TRANSLATIONS - National Theatre

The dark tale about the early english colonialism, is set on a piece of misty Ireland. The fog surrounding the land cuts it off and makes the appearance from the characters from off stage, quite mystical. The square hedge school, which symbolizes the shelter for the villagers, is a square within the round piece of land. The few props are very effective - but it is the strong soundscape and the lighting design, which creates this intense atmosphere. During the second half, lights on the irish ground appear and even if they are romantic at one point, they soon seem to look like the land is set on fire. And it might be - heated up by the boiling anger on both sides. Even though the second part feels a bit less coherent, it is gripping the audience attention until the last minute. This is due to the complex and well portrayed characters. Especially Colin Morgan’s “Owen” and Adetomiwa Edun’s “George” drive the play with their energy. The two unlike characters are brought together by their work, but soon start to realize that a simple gesture like changing the language, can destroy cultural identity. George, the english soldier, falls in love with the land and is eager to learn the irish language. He soon has to realize, that even if he would speak gaelic and build a home here, the villagers still meet him with distrust. Owen, who had a home and neglected it eagerly, finds himself again and finally stands up against the colonial power. First, it is only about being called by his real name, instead of “Roland” and later about covering up for his brother, whose life was ruined by the arrival of the English.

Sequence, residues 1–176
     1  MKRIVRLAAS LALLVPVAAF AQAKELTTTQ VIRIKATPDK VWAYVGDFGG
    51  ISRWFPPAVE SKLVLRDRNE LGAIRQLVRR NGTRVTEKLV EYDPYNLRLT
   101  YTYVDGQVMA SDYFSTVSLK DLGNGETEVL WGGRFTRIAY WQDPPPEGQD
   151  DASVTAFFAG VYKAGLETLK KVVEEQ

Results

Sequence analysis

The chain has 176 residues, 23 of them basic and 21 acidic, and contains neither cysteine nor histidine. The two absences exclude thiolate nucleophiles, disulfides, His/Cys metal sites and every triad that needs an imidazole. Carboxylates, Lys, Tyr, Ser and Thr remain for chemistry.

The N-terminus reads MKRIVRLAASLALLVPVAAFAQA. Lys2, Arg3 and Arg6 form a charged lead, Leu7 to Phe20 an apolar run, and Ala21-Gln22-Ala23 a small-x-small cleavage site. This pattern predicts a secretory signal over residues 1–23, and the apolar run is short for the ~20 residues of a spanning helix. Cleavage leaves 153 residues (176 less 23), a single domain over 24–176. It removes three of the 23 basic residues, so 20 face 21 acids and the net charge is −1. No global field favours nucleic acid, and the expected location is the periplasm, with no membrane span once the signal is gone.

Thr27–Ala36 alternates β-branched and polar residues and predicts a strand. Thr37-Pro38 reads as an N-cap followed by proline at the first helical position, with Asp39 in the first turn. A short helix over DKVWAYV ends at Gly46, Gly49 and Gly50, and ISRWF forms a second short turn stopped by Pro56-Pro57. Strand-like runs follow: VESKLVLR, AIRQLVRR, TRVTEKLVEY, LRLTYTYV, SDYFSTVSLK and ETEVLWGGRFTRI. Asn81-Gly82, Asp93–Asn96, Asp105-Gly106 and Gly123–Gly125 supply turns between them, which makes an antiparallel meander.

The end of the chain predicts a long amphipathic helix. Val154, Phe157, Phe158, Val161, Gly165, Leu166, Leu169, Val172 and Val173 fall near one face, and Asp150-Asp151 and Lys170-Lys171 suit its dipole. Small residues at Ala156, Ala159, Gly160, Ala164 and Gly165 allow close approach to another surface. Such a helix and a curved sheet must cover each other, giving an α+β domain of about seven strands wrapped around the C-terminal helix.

Everything turns bitter in the end. Especially, seeing how the soldiers turn Owens’ and Georges’ work of creating a map into their tool, is heartbreaking. Being left in the dark how the fight will end exactly, the audience is released with a poetic recitation by Owen’s father.

Now it is open for us to discuss:

Do we lose our identity when we give up our language?

How do names and their history define us?

Design: Rae Smith

Lighting Designer: Neil Austin

Sound Designer: Ian Dickinson

Music: Stephen Warbeck

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